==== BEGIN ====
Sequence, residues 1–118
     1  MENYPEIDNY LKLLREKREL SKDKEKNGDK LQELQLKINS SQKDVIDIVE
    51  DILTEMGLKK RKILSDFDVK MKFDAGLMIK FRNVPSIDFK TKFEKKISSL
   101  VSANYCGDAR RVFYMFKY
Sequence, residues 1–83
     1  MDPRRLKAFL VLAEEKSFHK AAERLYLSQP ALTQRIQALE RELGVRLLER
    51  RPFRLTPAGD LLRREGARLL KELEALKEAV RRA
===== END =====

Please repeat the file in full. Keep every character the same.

Sequence, residues 1–118
     1  MENYPEIDNY LKLLREKREL SKDKEKNGDK LQELQLKINS SQKDVIDIVE
    51  DILTEMGLKK RKILSDFDVK MKFDAGLMIK FRNVPSIDFK TKFEKKISSL
   101  VSANYCGDAR RVFYMFKY
Sequence, residues 1–83
     1  MDPRRLKAFL VLAEEKSFHK AAERLYLSQP ALTQRIQALE RELGVRLLER
    51  RPFRLTPAGD LLRREGARLL KELEALKEAV RRA